Follow Annie on Twitter at @anniezelm

SEMRush

SlideShare

They Ask. You Answer. A Revolutionary Approach to Inbound Sales, Content Marketing, and Today’s Digital Consumer by Marcus Sheridan and Krista Kotria (This is an affiliate link. By using it, you don’t pay a penny extra. But I get a very small–yet HUGELY appreciated–payment that helps keep this podcast going!)

Also, be sure to connect with me at Michele@smarterwritinglab.com and at The Smarter Writing Lab. I’d love to hear from you!

SCML 08: A Content Marketing Love Story by Mutual Rescue

My animals and a great love story. Two things I adore. That’s why the short films produced by Mutual Rescue drew me in like a moth to a flame. They tell the stories of humans and the shelter animals they adopt. And they do it in such a beautiful and moving way. In my opinion, these films are content marketing at its very best. And here’s why:

  • At approximately six minutes each, they’re engaging from start to finish
  • They harness the power of storytelling so perfectly
  • They have a clear and meaningful message
  • They accomplish the marketing goal of the organization in such an authentic and effective way

The first of the films was “Eric and Peety.” According to Carol Novello, co-creator of Mutual Rescue and president of Human Society Silicon Valley,  it’s been viewed more than 88 million times since its release in 2016. Here it is:

After seeing this, I knew I had to find out what the thinking and strategy were behind this film and the others Mutual Rescue has produced. And, thanks to Carol Novello, I now know. And you can, too. Listen to the podcast to hear all about it. I hope you’ll be as inspired as I was.

To find out more about Mutual Rescue, connect with the organization here:

Website: http://mutualrescue.org/

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SCML 06: Winning the Case for Content Marketing with a Law Firm’s Website

What type of content should a law firm’s website contain? That’s what we’ll be looking at in this episode of The Smarter Content Marketing Lab. We’ll look at a law firm’s existing site and explore ways to add new, more dynamic content that will help this firm attract more of it’s ideal clients.

What You’ll Learn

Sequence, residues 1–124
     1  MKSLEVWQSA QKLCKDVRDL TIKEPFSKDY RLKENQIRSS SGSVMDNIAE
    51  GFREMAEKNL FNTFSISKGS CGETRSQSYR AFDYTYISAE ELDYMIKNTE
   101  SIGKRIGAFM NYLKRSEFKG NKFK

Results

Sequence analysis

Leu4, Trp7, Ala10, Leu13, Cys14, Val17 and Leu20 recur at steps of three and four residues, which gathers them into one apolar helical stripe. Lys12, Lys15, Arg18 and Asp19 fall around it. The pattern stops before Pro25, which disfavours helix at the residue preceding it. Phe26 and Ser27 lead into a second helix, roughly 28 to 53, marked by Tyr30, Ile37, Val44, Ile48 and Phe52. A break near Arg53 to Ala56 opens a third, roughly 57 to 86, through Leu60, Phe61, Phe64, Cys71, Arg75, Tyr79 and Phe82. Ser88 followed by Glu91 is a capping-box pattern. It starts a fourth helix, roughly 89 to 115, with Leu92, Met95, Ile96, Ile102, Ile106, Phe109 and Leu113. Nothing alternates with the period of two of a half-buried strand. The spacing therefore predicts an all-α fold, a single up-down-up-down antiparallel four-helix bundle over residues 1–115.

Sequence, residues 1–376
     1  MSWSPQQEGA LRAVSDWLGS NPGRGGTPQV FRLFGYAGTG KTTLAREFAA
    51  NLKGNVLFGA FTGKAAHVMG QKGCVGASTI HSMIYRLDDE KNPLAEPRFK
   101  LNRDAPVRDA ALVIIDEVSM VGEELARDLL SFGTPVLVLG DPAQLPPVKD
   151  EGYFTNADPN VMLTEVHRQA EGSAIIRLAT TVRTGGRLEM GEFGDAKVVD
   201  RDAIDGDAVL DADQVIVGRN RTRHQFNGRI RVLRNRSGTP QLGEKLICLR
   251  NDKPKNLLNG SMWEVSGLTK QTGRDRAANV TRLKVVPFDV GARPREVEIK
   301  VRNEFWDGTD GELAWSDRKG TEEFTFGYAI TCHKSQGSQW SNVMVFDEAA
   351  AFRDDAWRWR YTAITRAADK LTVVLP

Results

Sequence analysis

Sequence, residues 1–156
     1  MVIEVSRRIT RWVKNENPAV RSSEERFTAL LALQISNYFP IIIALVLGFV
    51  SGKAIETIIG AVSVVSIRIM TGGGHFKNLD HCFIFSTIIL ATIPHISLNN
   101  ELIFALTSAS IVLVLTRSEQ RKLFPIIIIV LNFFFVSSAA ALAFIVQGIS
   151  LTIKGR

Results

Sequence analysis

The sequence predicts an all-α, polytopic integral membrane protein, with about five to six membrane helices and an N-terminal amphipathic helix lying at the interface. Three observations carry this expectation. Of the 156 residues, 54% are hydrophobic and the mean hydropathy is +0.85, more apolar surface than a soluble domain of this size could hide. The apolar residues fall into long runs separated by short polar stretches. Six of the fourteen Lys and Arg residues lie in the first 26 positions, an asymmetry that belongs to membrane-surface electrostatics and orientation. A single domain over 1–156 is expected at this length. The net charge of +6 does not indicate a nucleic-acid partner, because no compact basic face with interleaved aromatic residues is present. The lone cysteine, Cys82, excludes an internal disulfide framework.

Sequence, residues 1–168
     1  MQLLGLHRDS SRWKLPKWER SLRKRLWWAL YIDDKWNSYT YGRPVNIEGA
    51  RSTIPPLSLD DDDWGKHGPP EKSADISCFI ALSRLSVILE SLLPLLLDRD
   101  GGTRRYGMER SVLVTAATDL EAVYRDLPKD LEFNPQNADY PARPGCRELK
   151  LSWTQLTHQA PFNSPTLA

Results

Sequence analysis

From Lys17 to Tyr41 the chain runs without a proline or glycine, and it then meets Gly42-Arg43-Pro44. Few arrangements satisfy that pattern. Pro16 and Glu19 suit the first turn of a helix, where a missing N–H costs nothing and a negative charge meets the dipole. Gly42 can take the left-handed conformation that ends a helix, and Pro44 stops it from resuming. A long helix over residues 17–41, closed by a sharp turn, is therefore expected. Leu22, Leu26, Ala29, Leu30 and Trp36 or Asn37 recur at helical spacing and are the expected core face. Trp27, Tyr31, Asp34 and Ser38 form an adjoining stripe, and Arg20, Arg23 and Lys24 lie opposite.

We’ll look at several different areas of the website and discuss the following:

  • How to use the “hero” section of the home page more effectively–including how to make it a stronger navigational element for website visitors
  • The use of video to make an about page come alive
  • How to use a blog (or vlog), webinars, white papers, etc. to establish thought leadership status
  • Using imagery to communicate more clearly about who you are and what you do

Links to Cool Stuff

Here are the links to what was discussed during the show:

The law firm where Nick works

Levenfeld Pearlstein, LLC™: LOVE the videos on this law firm’s “Our Team” page!

Also, be sure to connect with me at Michele@smarterwritinglab.com and at The Smarter Writing Lab. I’d love to hear from you!

SCML 05: Jon Nastor, Host of the “Hack the Entrepreneur” Podcast

 

If you’ve been thinking about starting a podcast to help build an audience for your business–or even if you haven’t (yet)–then you’ll LOVE this week’s episode of The Smarter Content Marketing Lab! My guest is Jon Naster, host of the incredibly popular Hack the Entrepreneur podcast and co-host of The Showrunner podcast.

What You’ll Learn

Jon talks about a wide array of interesting topics, sharing things like how:

  • He came up with the engaging hook that has helped him EXPLODE the growth of his Hack the Entrepreneur podcast
  • He uses content marketing—including writing for various publications like Entrepreneur—to build his business and scale up his podcast
  • He’s using using content marketing to build trust with his audience and promote sales of his products
  • He balances podcasting and writing and product creation
  • The podcast is the reason he gets to write for such high-profile businesses and publications
  • The podcast has transformed his life
  • You have to be patient and consistent when it comes to building an audience
  • To get clear about the focus and purpose of your podcast before getting started
  • To repurpose content—and why you should do it
  • Entrepreneurs are using podcasts to funnel audiences into their businesses
  • To monetize a podcast directly and indirectly

He also describes the four things that are essential to building a successful podcast.

Links to Cool Stuff

Here are the links to what was discussed during the show:

Hack the Entrepreneur Podcast

The Showrunner Podcast

The 9-Step Beginner’s Guide to Launching a Podcast (FREE at The Showrunner)

The Showrunner Podcasting Course

Recite

Also, be sure to connect with me at Michele@smarterwritinglab.com and at The Smarter Writing Lab. I’d love to hear from you!

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What Brené Brown Taught Me about Being a Fearlessly Authentic Entrepreneur